End quote.

Ms Bell further revealed that in their intimate exchanges, old Barry suffered a swing and a miss now and then. We're talking E-D, folks.

So let's put this all together. Barry picks up his little satchel bag and disappears into a room with Greg, the personal trainer. Then he strikes out in the sack with lovely Kimberly. Isn't it obvious what's going on here?

That's right: Our Barry's been taking steroids.

Why, what did you think I was talking about? Since Barry's on record as telling a grand jury under oath that he had, quote, "never knowingly used steroids," Kimberly's tale is something of an embarrassment to him — the more so since the aforementioned trainer has a conviction for handing out steroids.

Well, try to look on the bright side, Barry. Once you've been outed with the E-D stuff, other embarrassments are minor by comparison.


05 — Latinos v. freedom of speech.     Radio Derb, as you all know, dominates the conservative broadcast scene, bestriding the airwaves like a Colossus.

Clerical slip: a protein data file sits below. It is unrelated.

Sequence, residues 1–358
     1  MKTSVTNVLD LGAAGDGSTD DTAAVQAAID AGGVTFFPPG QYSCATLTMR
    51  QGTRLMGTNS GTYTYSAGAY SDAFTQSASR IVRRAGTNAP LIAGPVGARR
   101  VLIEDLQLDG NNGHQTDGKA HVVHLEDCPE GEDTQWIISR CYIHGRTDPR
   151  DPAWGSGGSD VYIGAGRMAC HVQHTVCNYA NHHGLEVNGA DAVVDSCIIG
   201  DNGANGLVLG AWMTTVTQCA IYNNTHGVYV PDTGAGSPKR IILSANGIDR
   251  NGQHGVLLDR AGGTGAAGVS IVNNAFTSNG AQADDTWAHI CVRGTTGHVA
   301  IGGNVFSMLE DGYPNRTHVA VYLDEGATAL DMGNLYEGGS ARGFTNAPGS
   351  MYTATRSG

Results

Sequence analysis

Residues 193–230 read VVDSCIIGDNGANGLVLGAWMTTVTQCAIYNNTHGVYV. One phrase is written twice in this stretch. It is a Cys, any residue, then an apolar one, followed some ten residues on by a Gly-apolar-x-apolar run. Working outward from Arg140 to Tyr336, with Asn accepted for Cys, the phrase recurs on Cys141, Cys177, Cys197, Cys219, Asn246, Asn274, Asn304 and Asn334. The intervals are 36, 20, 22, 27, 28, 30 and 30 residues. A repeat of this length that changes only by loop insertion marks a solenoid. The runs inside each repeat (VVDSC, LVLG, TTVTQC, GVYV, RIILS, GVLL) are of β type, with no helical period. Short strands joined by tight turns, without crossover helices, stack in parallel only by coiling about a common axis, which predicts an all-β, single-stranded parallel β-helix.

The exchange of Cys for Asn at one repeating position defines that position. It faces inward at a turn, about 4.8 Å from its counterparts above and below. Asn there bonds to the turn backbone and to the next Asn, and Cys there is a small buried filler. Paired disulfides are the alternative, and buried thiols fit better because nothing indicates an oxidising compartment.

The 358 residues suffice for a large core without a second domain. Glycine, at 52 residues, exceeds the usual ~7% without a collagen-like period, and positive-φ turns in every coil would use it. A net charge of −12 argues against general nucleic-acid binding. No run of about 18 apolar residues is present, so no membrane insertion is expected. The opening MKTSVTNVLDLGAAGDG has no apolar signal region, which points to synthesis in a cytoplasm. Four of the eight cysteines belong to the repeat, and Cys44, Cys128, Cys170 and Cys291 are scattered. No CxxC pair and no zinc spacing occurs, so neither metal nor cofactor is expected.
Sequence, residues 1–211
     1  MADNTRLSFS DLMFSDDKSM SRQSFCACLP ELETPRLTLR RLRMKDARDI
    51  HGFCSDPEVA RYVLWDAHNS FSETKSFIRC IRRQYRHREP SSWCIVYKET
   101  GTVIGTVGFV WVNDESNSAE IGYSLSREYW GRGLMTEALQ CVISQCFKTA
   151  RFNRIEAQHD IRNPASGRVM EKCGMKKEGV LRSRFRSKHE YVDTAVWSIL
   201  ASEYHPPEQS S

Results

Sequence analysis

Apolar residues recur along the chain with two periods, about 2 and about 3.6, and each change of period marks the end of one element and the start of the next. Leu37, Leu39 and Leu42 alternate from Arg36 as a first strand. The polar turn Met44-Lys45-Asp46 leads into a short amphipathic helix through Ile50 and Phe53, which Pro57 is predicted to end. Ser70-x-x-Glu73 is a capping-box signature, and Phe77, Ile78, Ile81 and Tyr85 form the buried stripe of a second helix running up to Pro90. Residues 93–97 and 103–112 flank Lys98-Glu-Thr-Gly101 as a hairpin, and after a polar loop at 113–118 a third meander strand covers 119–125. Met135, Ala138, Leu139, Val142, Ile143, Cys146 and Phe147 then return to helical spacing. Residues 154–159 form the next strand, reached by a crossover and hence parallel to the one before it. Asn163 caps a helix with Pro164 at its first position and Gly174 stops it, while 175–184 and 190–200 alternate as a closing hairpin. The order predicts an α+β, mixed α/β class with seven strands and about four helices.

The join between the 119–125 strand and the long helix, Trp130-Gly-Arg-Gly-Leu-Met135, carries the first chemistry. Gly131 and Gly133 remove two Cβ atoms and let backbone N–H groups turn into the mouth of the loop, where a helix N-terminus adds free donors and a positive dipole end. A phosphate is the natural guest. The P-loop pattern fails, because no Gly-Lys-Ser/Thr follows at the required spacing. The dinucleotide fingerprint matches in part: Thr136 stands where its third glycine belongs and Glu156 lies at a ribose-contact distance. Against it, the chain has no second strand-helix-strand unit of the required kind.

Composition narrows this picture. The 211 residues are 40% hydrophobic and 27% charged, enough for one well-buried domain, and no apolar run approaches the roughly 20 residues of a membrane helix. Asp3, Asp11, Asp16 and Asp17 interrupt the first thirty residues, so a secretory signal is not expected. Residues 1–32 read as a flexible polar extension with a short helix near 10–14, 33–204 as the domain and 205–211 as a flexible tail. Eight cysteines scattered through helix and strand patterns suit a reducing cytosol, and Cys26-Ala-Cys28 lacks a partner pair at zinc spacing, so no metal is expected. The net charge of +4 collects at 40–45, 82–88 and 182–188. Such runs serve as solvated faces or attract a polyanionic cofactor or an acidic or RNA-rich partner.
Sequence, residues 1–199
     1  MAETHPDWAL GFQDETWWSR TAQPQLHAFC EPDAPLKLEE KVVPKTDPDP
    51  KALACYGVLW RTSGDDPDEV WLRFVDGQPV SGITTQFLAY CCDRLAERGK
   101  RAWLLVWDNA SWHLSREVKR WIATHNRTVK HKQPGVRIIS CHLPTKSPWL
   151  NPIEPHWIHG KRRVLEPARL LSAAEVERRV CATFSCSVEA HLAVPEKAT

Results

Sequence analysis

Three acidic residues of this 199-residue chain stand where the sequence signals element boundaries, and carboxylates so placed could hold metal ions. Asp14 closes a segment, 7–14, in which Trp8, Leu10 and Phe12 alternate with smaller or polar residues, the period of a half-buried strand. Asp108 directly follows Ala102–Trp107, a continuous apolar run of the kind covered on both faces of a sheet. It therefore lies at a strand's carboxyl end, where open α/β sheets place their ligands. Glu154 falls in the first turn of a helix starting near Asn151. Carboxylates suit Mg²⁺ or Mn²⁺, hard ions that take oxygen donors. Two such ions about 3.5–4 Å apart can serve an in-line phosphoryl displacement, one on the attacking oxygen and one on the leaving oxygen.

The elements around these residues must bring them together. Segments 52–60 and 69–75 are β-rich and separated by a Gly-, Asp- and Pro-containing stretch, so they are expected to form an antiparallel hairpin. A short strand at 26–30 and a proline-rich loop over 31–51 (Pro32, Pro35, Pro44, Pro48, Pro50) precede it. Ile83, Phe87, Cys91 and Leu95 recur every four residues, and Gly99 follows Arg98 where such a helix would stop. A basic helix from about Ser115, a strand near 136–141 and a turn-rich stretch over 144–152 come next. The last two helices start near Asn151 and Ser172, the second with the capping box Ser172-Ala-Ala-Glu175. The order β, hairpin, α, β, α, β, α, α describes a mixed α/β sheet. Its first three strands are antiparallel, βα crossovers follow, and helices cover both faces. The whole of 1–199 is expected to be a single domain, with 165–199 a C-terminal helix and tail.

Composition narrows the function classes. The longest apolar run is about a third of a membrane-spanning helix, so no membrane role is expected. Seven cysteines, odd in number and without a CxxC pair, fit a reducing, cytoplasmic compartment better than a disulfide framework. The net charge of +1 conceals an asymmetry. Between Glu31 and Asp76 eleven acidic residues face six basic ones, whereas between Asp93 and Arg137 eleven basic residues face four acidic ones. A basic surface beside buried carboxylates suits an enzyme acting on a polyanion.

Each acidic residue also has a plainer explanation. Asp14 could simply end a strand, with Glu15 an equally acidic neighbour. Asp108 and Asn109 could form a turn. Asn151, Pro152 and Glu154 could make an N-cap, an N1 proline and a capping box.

Being in such a position of immense power and influence, it behooves us here at Radio Derb to give a helping hand to the small fry — to those less-well-known broadcasters struggling to find niches in the public forum.

In this spirit of patronage and noblesse oblige, I'd like to offer my support to young Michael Savage. Michael is mad as hell about illegal aliens and about the federal government's failure to enforce the people's laws. He has said so loud and clear on his radio show, on which — full disclosure here — I have occasionally deigned to appear as a guest speaker, just to give a boost to Michael's ratings.

Well, that has proved too much for the San Francisco Board of Supervisors. One of them, Gerardo Sandoval has been pushing for a motion to condemn Michael Savage for Michael's outrageous demand that our laws be enforced.

Mr Sandoval first pushed for the motion back in August, trying for a unanimous vote from the board, but his resolution was vetoed by a board member of Chinese ancestry. Mr Sandoval promptly accused that gentleman of being a traitor to his race.

Now he's back with a new strategy that doesn't need a unanimous vote. You can see that this resolution is desperately important to Mr Sandoval. Nobody's ever going to call him a traitor to his race. He's up there fighting for his race like any red-blooded American should … Oh, sorry: I mean Latino American.